Preventing Pneumonia - WTOC-TV: Savannah, Beaufort, SC, News, Weather & Sports

Preventing Pneumonia

Pneumococcal diseases, caused by the bacteria Streptococcus pneumoniae, are serious infections that can have a debilitating impact on your health. The bacteria are spread person-to-person through contact with respiratory secretions such as mucus or saliva (coughing or sneezing). The main illness is known as Pneumococcal Pneumonia (pneumonia); however, complications such as meningitis and blood infections may also occur. Almost anyone can catch pneumonia, given the right circumstances, and while many healthy adults may not have to worry about catching pneumonia, there are certain groups of people who are at an increased risk for developing pneumonia.  Children younger than 2 years of age are at risk because their immune systems are still developing, and adults ages 65 or older are also at risk because their immune systems may not be as strong as they once were.

  • To protect children, routine vaccination is a 4-dose series, beginning at the age of 2 months and completed between 12-15 months of age. This routine vaccination utilizes the Pneumococcal Conjugate Vaccine (PCV13), also known by the name of Prevnar 13.

For those who 65 years of age or older, new recommendations from the CDC suggests a 2-dose series consisting of the previously mentioned Prevnar 13, and the Pneumococcal Polysaccharide Vaccine (PPSV23), also known as Pneumovax 23.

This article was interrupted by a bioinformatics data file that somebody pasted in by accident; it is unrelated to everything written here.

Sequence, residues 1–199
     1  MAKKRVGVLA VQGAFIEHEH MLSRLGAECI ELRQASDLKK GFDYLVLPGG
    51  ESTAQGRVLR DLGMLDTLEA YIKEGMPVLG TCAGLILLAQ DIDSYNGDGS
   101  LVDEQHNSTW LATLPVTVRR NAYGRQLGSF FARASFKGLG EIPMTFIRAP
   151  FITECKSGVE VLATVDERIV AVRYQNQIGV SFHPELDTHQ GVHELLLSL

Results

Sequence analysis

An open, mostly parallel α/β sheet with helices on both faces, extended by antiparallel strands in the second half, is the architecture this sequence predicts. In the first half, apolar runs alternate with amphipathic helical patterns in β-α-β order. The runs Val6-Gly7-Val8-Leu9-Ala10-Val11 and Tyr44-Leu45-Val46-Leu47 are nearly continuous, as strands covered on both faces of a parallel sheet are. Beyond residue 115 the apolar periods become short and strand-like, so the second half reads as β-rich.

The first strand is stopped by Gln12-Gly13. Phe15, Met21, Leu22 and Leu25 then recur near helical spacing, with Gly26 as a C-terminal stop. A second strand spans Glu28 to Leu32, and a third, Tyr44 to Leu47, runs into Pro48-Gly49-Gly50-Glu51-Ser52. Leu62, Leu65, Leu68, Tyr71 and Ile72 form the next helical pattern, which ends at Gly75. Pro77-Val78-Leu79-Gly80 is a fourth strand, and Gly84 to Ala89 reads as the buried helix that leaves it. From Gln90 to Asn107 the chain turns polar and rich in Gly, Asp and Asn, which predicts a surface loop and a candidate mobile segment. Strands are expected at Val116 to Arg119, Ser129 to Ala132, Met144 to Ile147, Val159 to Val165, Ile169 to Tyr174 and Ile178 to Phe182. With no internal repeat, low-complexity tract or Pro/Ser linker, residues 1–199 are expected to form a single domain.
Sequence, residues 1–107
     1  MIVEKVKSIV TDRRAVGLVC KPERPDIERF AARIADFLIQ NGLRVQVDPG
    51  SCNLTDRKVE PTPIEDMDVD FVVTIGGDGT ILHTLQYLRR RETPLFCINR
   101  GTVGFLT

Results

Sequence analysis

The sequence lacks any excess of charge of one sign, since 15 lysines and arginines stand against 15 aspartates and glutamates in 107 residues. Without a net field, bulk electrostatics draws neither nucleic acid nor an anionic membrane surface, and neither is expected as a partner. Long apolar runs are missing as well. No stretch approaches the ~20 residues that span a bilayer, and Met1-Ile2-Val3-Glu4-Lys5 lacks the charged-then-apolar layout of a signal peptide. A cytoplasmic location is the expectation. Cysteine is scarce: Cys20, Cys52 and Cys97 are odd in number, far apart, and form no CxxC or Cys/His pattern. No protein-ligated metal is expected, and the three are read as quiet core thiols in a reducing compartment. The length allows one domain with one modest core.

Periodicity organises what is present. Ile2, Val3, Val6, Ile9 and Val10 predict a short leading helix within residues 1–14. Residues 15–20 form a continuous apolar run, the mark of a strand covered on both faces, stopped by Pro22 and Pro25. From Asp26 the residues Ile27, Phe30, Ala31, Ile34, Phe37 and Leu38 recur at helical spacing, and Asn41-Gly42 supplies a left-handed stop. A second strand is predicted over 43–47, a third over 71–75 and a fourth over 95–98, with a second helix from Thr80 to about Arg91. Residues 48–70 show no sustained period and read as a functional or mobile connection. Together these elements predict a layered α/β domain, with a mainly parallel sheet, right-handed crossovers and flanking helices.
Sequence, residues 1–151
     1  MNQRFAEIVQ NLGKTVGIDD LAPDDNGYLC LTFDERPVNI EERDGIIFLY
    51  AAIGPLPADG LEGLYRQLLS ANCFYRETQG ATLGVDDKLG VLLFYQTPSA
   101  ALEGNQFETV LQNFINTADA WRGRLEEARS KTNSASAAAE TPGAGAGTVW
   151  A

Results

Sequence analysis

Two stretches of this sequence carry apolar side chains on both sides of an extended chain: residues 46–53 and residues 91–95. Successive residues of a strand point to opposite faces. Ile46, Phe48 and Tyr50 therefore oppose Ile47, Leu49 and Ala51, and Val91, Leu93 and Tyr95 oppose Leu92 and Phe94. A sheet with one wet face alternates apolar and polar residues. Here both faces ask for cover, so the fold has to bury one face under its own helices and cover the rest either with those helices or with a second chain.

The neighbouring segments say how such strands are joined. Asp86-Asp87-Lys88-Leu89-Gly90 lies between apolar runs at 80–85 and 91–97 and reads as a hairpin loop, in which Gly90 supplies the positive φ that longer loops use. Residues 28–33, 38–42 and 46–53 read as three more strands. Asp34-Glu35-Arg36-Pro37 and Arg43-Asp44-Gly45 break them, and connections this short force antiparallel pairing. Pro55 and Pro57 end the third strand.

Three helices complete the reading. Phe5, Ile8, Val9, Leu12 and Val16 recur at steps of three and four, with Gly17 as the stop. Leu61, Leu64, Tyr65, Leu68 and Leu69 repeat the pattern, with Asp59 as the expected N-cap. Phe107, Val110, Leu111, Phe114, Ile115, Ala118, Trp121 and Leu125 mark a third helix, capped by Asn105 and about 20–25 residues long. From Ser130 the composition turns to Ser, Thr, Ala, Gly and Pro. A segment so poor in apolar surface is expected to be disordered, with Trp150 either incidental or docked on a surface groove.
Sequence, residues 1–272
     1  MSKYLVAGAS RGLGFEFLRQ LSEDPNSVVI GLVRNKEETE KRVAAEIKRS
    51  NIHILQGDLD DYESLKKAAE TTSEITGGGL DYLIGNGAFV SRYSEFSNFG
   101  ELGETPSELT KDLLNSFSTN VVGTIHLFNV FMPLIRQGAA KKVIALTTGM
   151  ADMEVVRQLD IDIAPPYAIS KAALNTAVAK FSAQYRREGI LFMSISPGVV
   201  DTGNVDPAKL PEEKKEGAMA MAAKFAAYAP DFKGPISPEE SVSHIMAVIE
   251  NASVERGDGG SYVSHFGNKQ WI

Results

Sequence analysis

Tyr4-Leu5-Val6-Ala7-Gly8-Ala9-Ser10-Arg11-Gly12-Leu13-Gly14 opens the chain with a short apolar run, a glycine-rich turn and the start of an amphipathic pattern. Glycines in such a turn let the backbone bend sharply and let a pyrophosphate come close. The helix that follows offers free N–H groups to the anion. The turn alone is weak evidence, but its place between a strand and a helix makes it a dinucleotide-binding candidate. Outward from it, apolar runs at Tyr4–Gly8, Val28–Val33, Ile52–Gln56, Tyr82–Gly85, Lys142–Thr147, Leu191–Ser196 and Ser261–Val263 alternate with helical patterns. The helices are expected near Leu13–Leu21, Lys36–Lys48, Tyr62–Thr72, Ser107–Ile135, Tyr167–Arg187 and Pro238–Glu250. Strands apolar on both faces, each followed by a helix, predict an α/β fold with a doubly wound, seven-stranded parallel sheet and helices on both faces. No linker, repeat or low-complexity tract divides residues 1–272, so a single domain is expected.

•  At age 65, one dose of Prevnar 13 is recommended.  1 year after receiving the Prevnar 13, a     dose of Pneumovax 23 is recommended.  This 2-dose series after age 65 will complete the pneumococcal immunization series.

For people between the ages of 19 and 64 with one of the follow conditions, one dose of the Pneumovax 23 should be administered.

  • Chronic heart disease, not including hypertension
  • Chronic lung disease, such as COPD, emphysema, or asthma
  • Diabetes
  • Individuals who smoke cigarettes

Vaccinations against pneumococcal diseases can be provided at the pharmacy without a prescription. Most insured patients may receive these vaccines with little to no-copay. We understand that these recommendations may be confusing; however the pharmacists at Richmond Hill Pharmacy and Hinesville Pharmacy are up-to-date on current vaccine recommendations and will take the time to make sure that you are also up-to-date on any you may need and answer any questions you may have.

Richmond Hill Pharmacy: 912-756-3331. Pharmacy hours are 8:30 am – 7:00 pm on weekdays; 9:00 am – 6:00 pm on Saturday; and 12:30 – 5:00 pm on Sunday.

Hinesville Pharmacy: 912-876-8125. Pharmacy hours are 9:00 am – 6:30 pm on weekdays; 9:00 am – 2:00 pm on Saturday; and closed on Sunday.

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